Philip Gosse

Philip Henry Gosse, known as Henry to his friends, was an eminent Victorian naturalist and author.  After a career which took him to work in Newfoundland, Quebec, Alabama, Jamaica and London; he eventually settled in St Marychurch in 1857. 

Gosse was a Christian fundamentalist, this led him to write a book called “Omphalis” which tried to justify the geological ages with the biblical account of creation.  His creationist theories brought him into direct conflict with Charles Darwin and his scientific discoveries regarding evolution.  Locally, Gosse spent a considerable time collecting marine specimens, such as sea anemones, from rock pools at Oddicombe and Babbacombe beaches.  Amongst the vast body of work during his lifetime he is perhaps, best remembered as being credited as the inventor of the sea water aquarium.

Gosse was a member of the Plymouth Brethren who used to hold their meetings in Park Road and later he made provision for the building of a Gospel Hall in St. Marychurch.  He also held Bible study groups at his home “Sandhurst” in Manor Road, with Dr J.E Gladstone the dissenting minister of Furrough Cross Church, who he considered to be his ‘most intimate friend’.  He was so opposed to the ‘so called’ Church of England that he refused to have his mail addressed to ‘St. Marychurch’, instead his letters were sent to “Sandhurst” Torquay.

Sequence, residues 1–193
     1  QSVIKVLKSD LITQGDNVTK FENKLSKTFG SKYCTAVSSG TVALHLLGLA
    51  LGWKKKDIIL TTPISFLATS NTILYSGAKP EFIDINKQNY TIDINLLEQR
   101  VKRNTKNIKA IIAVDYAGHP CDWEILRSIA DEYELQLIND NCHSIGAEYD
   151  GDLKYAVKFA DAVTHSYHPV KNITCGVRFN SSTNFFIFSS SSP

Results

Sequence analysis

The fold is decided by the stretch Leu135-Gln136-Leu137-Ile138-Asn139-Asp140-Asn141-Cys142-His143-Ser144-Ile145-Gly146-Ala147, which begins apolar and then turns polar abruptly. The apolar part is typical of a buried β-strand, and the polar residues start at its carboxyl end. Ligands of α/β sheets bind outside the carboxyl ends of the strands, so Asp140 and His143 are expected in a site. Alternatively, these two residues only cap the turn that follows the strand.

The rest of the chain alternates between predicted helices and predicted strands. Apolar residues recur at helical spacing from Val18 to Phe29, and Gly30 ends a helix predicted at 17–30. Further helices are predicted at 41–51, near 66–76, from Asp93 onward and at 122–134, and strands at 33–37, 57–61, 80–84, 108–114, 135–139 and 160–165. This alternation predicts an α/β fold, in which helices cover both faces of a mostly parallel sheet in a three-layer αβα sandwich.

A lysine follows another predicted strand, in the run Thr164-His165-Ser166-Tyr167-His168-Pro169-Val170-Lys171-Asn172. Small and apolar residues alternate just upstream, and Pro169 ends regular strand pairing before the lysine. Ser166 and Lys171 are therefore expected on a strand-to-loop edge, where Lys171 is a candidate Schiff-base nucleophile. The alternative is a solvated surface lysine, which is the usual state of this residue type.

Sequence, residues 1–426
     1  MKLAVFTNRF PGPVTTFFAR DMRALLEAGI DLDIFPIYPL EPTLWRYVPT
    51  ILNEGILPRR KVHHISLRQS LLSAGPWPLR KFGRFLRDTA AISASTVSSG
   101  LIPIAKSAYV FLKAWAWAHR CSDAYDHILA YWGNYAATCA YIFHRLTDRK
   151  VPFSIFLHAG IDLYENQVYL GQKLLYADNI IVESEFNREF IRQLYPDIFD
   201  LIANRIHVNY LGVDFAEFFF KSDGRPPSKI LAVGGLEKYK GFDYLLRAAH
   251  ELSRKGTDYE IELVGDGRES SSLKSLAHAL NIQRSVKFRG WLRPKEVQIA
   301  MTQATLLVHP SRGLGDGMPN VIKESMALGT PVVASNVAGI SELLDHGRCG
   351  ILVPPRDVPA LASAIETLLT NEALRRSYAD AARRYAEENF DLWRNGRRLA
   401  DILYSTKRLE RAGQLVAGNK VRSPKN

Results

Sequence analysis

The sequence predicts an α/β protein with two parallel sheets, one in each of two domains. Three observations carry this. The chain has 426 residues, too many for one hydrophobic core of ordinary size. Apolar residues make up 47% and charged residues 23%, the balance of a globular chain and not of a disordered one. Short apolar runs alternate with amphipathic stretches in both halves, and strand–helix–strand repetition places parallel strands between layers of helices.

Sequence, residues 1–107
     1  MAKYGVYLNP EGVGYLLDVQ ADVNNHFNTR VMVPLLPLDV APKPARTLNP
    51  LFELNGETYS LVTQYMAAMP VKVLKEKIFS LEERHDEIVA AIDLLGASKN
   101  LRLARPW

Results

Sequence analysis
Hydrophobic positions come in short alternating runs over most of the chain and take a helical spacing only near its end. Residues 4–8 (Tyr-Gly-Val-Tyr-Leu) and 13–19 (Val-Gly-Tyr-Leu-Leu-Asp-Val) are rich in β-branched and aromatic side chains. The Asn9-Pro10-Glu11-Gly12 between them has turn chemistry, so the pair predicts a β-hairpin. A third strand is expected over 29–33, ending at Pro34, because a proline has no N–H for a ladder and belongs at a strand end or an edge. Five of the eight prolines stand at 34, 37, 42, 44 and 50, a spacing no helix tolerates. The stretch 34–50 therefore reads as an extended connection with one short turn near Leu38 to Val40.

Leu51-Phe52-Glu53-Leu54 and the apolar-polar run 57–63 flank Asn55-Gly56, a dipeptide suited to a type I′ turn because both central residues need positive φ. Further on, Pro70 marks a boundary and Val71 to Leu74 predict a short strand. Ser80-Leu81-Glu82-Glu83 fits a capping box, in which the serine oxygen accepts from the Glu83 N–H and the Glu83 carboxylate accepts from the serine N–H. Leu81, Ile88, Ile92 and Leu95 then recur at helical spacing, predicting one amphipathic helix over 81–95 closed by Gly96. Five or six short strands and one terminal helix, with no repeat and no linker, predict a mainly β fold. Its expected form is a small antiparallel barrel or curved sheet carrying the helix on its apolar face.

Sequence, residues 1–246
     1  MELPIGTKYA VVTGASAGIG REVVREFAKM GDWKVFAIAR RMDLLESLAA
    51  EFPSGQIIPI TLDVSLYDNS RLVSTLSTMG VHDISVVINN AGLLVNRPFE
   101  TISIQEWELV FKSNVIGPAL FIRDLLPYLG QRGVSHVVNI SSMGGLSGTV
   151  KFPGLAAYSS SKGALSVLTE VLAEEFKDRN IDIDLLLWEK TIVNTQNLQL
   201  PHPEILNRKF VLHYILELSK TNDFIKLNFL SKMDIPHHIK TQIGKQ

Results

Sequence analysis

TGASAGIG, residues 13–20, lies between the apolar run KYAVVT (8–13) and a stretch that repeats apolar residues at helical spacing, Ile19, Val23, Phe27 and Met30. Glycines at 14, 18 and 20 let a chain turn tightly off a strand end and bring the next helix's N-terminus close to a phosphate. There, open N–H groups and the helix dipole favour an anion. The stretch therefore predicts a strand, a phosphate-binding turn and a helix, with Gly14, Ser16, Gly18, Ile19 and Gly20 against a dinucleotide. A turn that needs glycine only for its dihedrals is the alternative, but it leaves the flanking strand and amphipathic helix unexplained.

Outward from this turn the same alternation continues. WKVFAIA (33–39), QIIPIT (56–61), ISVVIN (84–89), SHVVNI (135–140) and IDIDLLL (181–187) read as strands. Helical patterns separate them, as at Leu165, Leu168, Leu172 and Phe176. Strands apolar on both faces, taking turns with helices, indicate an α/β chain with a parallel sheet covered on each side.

Philip Henry Gosse died at his home ‘Sandhurst’ in Torquay on 23 August 1888. He was buried in Torquay Cemetery on the 27th August, close to his mother Hannah, who had passed away in 1860.  His grave was inscribed ‘He which testified these things saith, Surely I come quickly. Amen even so, come, Lord Jesus, [Revelation 22.20.]

His wife Eliza died in 1900 and was also buried in Torquay Cemetery.